There they all were from far and near— my kids and their partners in every room of my New York apartment. They were standing, lounging, chatting, drinking, passing my 6-month old grandson from lap to lap. Piercing the din was the insistent whine of my 4-year-old granddaughter for…something.
I adore my granddaughter. She has loving and attentive parents. But right now her Dad was animatedly defending the Rams while her mom was laughing at her sister’s teasing about their childhood cupcake stand. Meanwhile, as I carried a stack of plates, my granddaughter pulled at my sleeve, shrilly demanding another rainbow cookie. Couldn’t she play on her own for ten seconds? Should I speak to her parents about this?
Then the flashback hit. I am transported over the decades to our weeklong visit to Nana and Papa in California. My girls are sleep-deprived and stretched to the limit. They’re bored with crayons and Legos, they’re not allowed to touch anything, and the adults are ignoring them. My 7-year-old starts running in manic circles around the glass cocktail table while her younger sister emits blood-curdling shrieks. They’re at their worst. And Nana is giving me the look, soon to be a lesson on teaching my monsters manners.
Tensions and joy! ‘Tis the season. Surely there’s got to be a better way. So I asked a bevy of experts about handling all that pent-up anxiety that comes with mixing the holidays, family and clashing parenting philosophies, and they all agreed on one point: Keep the kids’ routines as normal as possible. Good luck with that! Excellent advice, no doubt, but hard to do when everything you depend on is changed.
That’s Tension # 1: the struggle between normality and nothing-like-normal. Then Tension #2: your own wish to enjoy the reunions versus the need to constantly supervise your children. And finally, especially with your own parents: Tension # 3: the imperative of being your child’s parent versus that old pull toward being your parents’ child and needing their approval.
Can this holiday be happy? Sure, if imperfectly. But it requires a lot of forethought and preparation. So here are some tips for navigating upcoming gatherings and keeping the season bright.
Prepare Your Kids
Young children need to know what will happen in an unfamiliar setting away from home. Before you leave, suggests Fran Walfish, a child and family psychologist in Beverly Hills and author of The Self-Aware Parent, make a picture book together. Draw the airplane, Grandma’s house, the people, and the gifts, right through to “bye-bye,” the return plane and home. “Visually narrate what will happen,” Walfish says, “all the changes, including sleeping in a different bed.”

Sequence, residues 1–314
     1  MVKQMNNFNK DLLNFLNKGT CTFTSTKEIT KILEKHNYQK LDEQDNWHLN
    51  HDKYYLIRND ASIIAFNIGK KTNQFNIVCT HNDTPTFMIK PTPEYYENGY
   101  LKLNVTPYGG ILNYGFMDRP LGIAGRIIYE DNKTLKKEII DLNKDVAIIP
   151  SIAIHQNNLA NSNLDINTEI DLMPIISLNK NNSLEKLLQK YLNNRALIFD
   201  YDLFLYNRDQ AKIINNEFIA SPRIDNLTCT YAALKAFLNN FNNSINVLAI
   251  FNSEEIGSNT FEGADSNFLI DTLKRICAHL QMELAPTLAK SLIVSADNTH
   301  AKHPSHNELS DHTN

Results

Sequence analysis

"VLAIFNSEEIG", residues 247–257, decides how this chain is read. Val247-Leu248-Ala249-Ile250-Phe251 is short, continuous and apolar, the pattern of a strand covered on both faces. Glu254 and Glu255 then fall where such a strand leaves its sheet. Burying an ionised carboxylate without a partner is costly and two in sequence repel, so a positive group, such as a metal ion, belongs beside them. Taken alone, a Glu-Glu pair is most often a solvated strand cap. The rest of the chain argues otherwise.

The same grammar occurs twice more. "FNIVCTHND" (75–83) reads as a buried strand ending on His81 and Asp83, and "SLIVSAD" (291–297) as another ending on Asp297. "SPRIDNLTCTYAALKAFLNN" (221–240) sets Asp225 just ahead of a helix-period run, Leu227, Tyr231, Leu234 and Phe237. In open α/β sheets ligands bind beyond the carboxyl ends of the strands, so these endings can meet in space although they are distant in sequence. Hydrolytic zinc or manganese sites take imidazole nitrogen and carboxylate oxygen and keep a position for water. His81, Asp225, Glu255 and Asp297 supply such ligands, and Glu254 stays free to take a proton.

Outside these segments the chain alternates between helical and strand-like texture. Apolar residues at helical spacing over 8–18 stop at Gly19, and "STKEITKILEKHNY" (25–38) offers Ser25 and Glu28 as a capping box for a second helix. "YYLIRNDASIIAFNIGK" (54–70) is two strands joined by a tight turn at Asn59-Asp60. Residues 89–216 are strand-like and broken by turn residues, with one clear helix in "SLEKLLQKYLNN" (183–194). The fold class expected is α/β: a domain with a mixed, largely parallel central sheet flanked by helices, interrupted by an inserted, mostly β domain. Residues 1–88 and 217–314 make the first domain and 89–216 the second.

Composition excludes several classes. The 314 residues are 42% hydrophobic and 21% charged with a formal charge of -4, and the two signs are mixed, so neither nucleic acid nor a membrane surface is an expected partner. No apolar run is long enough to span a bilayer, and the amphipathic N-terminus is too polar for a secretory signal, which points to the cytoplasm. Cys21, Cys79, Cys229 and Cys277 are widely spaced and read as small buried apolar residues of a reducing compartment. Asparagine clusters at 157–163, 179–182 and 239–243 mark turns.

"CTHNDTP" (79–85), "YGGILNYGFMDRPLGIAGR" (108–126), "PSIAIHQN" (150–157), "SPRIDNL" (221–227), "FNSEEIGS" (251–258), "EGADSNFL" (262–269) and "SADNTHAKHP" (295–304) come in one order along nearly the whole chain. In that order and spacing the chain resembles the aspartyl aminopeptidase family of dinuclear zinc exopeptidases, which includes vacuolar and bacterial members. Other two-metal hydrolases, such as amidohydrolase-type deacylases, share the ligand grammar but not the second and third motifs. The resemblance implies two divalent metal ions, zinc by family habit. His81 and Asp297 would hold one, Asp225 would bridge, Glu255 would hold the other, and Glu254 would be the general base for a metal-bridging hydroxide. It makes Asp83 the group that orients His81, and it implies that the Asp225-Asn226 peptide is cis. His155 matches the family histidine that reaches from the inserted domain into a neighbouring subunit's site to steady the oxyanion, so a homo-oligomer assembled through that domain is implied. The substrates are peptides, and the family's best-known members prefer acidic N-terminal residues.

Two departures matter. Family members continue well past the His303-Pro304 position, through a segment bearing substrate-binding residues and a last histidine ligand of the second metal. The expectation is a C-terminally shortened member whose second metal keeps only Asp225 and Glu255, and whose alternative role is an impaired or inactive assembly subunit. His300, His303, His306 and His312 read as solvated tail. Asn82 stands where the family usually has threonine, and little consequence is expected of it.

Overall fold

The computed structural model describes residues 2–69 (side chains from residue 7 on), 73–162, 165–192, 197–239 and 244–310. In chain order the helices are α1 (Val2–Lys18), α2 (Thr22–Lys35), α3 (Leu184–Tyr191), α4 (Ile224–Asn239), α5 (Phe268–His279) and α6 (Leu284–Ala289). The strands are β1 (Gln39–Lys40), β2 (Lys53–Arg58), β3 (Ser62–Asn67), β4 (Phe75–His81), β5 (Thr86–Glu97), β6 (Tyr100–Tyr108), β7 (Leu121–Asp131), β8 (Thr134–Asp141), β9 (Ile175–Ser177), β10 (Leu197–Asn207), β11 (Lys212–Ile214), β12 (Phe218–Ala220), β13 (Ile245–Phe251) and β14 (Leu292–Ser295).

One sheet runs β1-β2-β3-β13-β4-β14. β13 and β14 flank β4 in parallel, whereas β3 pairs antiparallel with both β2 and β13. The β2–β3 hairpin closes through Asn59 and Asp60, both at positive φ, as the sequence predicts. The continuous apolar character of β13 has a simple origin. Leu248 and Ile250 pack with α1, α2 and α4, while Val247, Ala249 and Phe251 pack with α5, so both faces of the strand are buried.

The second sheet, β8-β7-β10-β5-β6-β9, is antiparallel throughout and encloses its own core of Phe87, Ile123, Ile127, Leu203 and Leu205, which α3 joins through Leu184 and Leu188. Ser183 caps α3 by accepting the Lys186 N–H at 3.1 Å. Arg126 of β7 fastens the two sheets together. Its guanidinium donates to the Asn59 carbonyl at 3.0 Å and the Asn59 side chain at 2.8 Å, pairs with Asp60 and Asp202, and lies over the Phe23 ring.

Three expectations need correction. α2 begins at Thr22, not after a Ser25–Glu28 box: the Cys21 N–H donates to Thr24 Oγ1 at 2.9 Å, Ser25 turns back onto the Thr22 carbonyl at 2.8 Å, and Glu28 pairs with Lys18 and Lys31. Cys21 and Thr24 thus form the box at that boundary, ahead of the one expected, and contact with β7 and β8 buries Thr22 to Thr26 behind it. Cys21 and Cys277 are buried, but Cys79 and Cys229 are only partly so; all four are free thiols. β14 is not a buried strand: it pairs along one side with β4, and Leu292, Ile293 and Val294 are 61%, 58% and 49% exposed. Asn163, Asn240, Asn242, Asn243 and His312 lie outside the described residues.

Definitely take the little one’s “blankie” or other attachment objects as well as favorite toys and familiar foods. For older children, explain what will happen and the rules for Grandma’s house. Make sure they bring things they like to do, such as video games, and, if possible plan some time on the trip, however brief, that’s just for them.
Prepare the Grandparents
Before you go, talk candidly with Grandma. Explain the challenges the kids will face, how they’re likely to react, and ask whether or how much the grandparents want to take charge of them. Also ask if there are breakable things they’d be willing to put away or if there are rules about certain areas. If you have strong preferences about how sweets or gifts are handled, gently express your feelings, but don’t be surprised (and remain flexible) if Nana and Papa can’t hold themselves back.
Above All, Prepare Yourself
Strike a balance in your mind between the fun you hope to have— the food, catching up, laughs, and memories—and the reality that your first priority has to be parenting your kids. That’s an order: “If your 4-year-old is having a tantrum because she’s overwhelmed and overtired, “says Walfish, “you need to stop everything and settle your child.” If you’d really like to talk to people, make a plan ahead of time with your partner—or a willing aunt or uncle—to take turns supervising the kids.
And if Grandma does criticize you or your kids? Have your response ready. “Agree with them,” says Vicki Panaccione, a child psychologist and founder of the Better Parenting Institute in Melbourne, FL, “Say, ‘You’re right, he is being really whiny today. I guess if I were four, I’d probably be that way too because there is so much going on that he’s not used to and he’s out of his routines.'”
While you’re there
When over stimulation, exhaustion and changes in routine make your kids clingy, whiny, or otherwise impossible, suggests Panaccione, “Limit the overwhelm [sic] by coming to their rescue if they are inundated by people or gifts and explain to them why everyone wants to hold or kiss them.” Whatever their age, give them a breather and, if possible, some exercise. Read them a story in another room. Go for a walk, go to a store, change the scene. And cut your kids (and yourself) some slack. None of you are likely to be at your best.
Most of all, try to relax and enjoy the good things rather than aiming for the impossible (news flash: your 3-year-old will not sit at the table long enough for you to savor a meal). “Focus on family togetherness,” says Walfish, “ Contrary to popular belief, what kids love most about Christmas and Hannukah is not the gifts. It’s the bonding and coming together of family.”
Okay, so your family holidays won’t be like that Norman Rockwell picture. They never were. No one’s holiday was. But they’re your family—and your kids’ family. So laugh or cry or hug your child and live in this moment. And remember that it may be another year before it happens again—and never exactly like this.